They also made a number of individual commitments, such as holding similar dialogues in their own communities and developing and disseminating sermons on the topic that could be used across religious denominations.   In addition, a number of concrete steps were discussed for increasing the physical safety of the Muslim community, especially on 9/11.  Participants also committed to developing a database of conservative leaders who are willing to stand up against anti-Muslim bigotry.

NICD committed to continuing and broadening the conversation.  In keeping with that commitment, on October 17, 2016, in partnership with the Religious Freedom Center at the Newseum, NICD held a Town Meeting and moderated panel entitled “Is Fear of Islam a Threat to the First Amendment?”  In addition to audience question and answer, live-streaming of the discussion enabled questions via Twitter.   Watch the video from the Town Meeting here.

Finally, NICD will convene a second Issue Forum following the election, in which participants will assess what most needs to be done to achieve progress on this issue in 2017 and beyond.  In particular, participants will consider specific action steps in light of the new political context.


The “Combating Anti-Muslim Speech and Behavior” Issue Forum brought together 43 religious leaders, journalists, civic leaders, and elected officials in civil discourse about a critical challenge facing our nation.  The working session was a rare opportunity for Muslim/non-Muslim communication and engagement.  In particular, non-Muslim journalists increased their understanding of the prejudices, assumptions and challenges that arise in the every-day coverage of this topic.

Following the event, participants published powerful statements.  Rem Rieder, Editor-at-Large and media columnist at USA TODAY wrote:

“Clearly fear of terrorism is real and not unfounded; Muslim extremists — and those expressing support for them — have been responsible for horrendous crimes. But, sadly, violent extremism comes in a wide variety of flavors in our society.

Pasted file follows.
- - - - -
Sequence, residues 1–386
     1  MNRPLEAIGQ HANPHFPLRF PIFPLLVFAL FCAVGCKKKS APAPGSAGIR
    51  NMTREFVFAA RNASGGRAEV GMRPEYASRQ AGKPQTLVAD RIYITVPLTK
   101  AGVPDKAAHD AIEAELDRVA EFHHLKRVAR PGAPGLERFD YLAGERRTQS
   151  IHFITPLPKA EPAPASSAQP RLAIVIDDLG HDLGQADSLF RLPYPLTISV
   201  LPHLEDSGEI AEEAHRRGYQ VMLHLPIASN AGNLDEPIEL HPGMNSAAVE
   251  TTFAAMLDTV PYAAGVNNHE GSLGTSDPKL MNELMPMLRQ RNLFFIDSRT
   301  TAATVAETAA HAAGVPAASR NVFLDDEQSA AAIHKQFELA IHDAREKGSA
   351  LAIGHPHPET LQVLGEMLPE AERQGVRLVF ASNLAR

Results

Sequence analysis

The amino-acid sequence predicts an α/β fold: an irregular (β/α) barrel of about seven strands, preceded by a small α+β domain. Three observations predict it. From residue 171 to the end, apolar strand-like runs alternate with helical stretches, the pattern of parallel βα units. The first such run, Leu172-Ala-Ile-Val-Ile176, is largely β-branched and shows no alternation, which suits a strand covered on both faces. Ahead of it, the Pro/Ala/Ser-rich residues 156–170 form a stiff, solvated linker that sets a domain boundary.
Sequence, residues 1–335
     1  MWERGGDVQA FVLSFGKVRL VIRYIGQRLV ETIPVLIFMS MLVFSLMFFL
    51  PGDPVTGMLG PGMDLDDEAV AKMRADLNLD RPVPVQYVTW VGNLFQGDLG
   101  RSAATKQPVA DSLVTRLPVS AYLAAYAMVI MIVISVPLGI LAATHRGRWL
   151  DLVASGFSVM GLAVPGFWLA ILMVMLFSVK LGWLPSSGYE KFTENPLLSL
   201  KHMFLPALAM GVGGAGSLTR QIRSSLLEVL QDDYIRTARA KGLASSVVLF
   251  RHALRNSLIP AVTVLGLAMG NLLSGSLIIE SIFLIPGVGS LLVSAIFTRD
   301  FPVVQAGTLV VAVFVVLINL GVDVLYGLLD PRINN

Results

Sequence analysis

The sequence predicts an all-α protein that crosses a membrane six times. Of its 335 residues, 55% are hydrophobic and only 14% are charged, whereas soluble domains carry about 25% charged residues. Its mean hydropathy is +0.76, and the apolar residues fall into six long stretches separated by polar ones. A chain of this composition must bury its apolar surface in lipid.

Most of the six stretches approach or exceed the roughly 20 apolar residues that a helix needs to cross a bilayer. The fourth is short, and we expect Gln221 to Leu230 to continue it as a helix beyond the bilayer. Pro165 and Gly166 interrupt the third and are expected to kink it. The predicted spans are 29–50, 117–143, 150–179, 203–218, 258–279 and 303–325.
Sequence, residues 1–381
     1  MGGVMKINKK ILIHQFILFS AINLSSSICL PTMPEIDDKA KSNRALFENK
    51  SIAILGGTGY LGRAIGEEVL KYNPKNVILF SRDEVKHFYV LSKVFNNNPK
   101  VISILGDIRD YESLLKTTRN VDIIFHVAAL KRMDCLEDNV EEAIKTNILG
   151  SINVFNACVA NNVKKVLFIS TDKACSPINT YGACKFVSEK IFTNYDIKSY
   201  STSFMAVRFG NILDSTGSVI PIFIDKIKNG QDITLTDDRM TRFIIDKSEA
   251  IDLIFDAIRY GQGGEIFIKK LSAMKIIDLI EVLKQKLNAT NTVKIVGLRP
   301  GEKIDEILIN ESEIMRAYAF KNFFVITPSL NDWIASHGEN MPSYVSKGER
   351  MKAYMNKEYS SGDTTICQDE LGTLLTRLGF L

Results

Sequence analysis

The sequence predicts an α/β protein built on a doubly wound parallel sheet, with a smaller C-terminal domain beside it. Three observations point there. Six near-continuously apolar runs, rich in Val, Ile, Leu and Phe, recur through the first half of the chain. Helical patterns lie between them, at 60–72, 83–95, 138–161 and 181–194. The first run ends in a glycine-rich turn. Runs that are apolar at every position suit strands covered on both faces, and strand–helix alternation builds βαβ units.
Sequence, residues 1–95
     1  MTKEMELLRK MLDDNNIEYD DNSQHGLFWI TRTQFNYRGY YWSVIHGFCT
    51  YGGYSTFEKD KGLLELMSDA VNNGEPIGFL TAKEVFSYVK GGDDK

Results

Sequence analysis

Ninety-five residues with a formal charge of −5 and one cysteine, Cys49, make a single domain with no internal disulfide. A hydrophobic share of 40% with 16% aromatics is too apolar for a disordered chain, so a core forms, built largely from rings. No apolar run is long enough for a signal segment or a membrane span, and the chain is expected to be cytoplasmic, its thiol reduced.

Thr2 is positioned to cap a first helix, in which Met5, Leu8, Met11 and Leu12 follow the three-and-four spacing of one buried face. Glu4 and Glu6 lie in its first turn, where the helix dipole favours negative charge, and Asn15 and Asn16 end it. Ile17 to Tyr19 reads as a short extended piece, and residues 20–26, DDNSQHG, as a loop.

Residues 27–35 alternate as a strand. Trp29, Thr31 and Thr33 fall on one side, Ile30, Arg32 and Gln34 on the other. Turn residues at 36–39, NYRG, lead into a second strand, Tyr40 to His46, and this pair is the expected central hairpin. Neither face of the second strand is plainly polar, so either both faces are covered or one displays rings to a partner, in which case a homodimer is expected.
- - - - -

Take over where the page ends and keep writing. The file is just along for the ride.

There's no doubt we have a problem. But what can we do to solve it?

In a welcome effort to find out, the National Institute for Civil Discourse this week staged a conference that brought together concerned people from a variety of disciplines…in an effort to shed some light on an intractable and disturbing problem. Three journalists also were on hand, and I was lucky enough to be one of them.

To no one's surprise, the get-together did not achieve a stunning breakthrough, a magic bullet to eliminate such bigotry overnight. The session was more the beginning of an important conversation: The group will reassemble in the first quarter of next year to continue its deliberations.”  Read the full article here.  

Participant Bob Roberts, founding and Senior Pastor of a 2,000-member church in Texas co-wrote an opinion piece in the Milwaukee Journal Sentinel:

Many Americans understand that hatred of Muslims is an assault on American ideals. We’ve spent our lives working in different spheres — one of us is an evangelical Christian pastor, the other a retired U.S. Marine general — but we’ve both seen firsthand how Islamophobia diminishes us all and weakens our country.

…These debates are understandably intense and full of emotion, but emotion should never lead us to turn our backs on the values that have made us strong as a people and have made us a light for the world. Millions of Americans share a passionate commitment to our founding ideals, and no ideal is more foundational than freedom of religion. It is this freedom that allows us to practice our faith without from government interference and that has formed a society of astonishing religious pluralism. That’s America, a place where people are free to worship according to the dictates of their own conscience.”  Read the full article here.


List of participants in the Issue Forum.

Examples of recent media coverage of the topic:

Research cited in this report:

Examples of promising programs identified by participants: